|FMP/FREE MUSIC PRODUCTION - An Edition of Improvised Music||1989-2004|
FMP CD 55
Cecil Taylor: Music & Poetry
The body and the voice. The instrument an extension of the body, and the voice a mirror of the inmost soul. The continual challenge of having to bring the thing to life, of having to give it its own special identity. To get to the point: a black box set in vibration. In this respect it would seem as though it is easier for wind instrumentalists than for pianists. But nevertheless one can recognise Cecil Taylor as soon as he has played a few notes - whether they be furioso clusters or slightly varied single notes.
Cecil Taylor spoke of the "vocal sound" of the piano. "Letting the group sing" when playing together was something he once learned from Duke Ellington. For Taylor the soloist, music always means complete involvement, an involvement which demands both physical energy and the use of the voice. The recording of this concert presents the instrumental and the vocal in a condensed form and thus intensifies their effect.
A new dimension is created by the introduction of pre-recordings of Taylor's voice and the sparing use of percussion. Cecil Taylor once said that above all he had always endeavoured to be a poet - a poet on the piano, and a poet in thought, feeling and expression. Although recordings of Taylor's poetry - which he calls "music in print" - do exist, his real medium seems to be situative or oral communication. In this he follows the Afro-lndian-American tradition. Even if his music seems to be refined to the extreme, and is heard in the context of the contemporary avant-garde, one cannot deny that something in it echoes the heritage of oral cultures, something which seems to be related to the African Griots or Indian story-tellers.
Although the musical atmosphere is created for the main part by the voice - on a different level, like the text of a song which someone is interpreting - here too Cecil Taylor succeeds in amazing us by the clear and dynamic way in which he plays the piano: with ever softer sounds which however never become sentimental, and an ever increasing terrific intensity which never blindly rages. He reaches a complexity of spontaneous, formal creative power which one could consider to be the foundation of his way of life and his work.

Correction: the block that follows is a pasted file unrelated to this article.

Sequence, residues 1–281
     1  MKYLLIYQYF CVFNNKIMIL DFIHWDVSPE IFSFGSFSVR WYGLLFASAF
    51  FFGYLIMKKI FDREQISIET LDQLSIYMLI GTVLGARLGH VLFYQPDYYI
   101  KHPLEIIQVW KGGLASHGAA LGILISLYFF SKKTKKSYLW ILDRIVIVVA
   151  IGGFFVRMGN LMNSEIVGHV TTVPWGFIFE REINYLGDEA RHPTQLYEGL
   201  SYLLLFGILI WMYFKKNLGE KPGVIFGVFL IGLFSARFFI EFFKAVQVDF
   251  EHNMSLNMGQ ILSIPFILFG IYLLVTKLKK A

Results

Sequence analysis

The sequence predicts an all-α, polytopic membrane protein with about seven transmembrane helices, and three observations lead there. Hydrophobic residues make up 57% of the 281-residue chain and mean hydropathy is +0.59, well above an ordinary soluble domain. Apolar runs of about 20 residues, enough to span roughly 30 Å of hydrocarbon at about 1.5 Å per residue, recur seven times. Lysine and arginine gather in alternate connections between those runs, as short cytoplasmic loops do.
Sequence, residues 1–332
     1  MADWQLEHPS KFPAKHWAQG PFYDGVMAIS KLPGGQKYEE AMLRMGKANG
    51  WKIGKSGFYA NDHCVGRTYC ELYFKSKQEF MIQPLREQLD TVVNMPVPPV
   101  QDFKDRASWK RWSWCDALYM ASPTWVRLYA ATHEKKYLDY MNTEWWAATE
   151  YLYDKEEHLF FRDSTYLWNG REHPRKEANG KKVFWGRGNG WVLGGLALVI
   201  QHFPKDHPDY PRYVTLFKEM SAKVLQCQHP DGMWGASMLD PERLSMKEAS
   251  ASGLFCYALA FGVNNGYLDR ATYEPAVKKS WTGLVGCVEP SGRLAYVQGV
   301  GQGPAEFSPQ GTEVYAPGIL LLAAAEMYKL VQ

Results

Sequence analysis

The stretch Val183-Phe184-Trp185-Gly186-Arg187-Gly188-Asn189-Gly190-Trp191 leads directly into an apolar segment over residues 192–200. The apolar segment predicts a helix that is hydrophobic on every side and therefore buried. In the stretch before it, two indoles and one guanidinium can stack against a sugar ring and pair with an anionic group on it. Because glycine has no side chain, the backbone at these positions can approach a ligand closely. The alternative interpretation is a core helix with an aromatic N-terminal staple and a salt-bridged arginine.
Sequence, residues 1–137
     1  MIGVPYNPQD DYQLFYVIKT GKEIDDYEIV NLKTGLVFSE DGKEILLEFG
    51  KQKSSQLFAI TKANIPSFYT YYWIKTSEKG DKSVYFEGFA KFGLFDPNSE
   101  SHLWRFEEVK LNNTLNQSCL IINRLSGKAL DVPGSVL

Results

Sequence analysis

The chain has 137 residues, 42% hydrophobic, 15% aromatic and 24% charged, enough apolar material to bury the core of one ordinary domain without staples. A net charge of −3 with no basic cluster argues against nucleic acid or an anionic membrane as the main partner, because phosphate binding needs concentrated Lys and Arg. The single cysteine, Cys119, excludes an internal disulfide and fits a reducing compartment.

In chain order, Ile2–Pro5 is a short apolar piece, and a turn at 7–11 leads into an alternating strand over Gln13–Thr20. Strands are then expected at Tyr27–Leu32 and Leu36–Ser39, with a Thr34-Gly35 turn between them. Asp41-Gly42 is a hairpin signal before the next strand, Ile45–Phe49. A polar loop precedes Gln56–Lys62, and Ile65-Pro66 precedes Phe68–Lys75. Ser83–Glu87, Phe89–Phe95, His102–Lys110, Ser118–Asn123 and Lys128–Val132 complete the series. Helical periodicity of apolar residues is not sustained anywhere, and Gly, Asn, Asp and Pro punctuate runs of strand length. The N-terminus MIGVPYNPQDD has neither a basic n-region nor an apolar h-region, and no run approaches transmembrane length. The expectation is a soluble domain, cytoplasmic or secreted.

The whispered words, the beseeching phrases, often spoken in a husky voice, form a contrast to the sonority of the piano. But the way in which Cecil Taylor combines the spoken word with music, the way in which he comments musically on his own vocal expressions, creates a feeling of wholeness and emotional dedication. We are moved by the physicality of the voice and the mysticism of the poetry.
The word order used reveals a very personal mythology, an awakened dream-world, a sensual philosophy. Memories and reflections, magic formulars, references to childhood, adolescent and adult haunts. Anyone who tries to "understand" as one would expect to understand an essay, cannot gain anything from it. If you open yourself to Taylor's music and poetry, you have to be free of any inner compulsion to interpret and discuss, and be able to experience the sound in its entirety. In Taylor's poetry of sound, tones take on meaning and words become sounds. The boundaries between the sensual and the intellectual fade.
The sociologist Ben Sidran writes that in oral cultures communication takes place on a very physical level. A member of an oral culture would never remove himself intellectually from his surroundings, he always remains part of them emotionally. One could draw the conclusion that the use of the instrument and the voice in Cecil Taylor's work create movement, or at least an illusion of movement, that they create a kind of dance. Those who take the trouble to understand the music experience this either live or in retrospect.
Taylor creates enormous arches of tension in music and poetry whereby he instinctively knows how far he can stretch them before they reach breaking point. Much takes place between opposing spheres: between heavy, earthy sounds, and airv, floating notes, between extremely Iyrical passages and some which are so dramatic that you feel as if you have become involved in an all-out argument. Sometimes Taylor's music and language seem very direct, and at other times shy and introverted. All this ranges between love and fear. We sense danger just as much as we sense vulnerability and tenderness.
After the concert in the Bechstein House in Berlin I wrote: He runs out, almost cowering, whilst the applause still thunders. He played much longer than was intended. You cannot really work according to plan as far as Cecil Taylor is concerned anyway. He slips away with a spring to his step. He has given himself body and soul. A survivor of musical material battles who knows that the sequence of chords is not all important. What is important is the labyrinth of passions. Taylor does not come back. Everything has been said. For a time the audience is speechless. Afterwards they are left with the feeling that they want to say something, the feeling of having been moved by the sound.
Translation: Margaret Neuendorf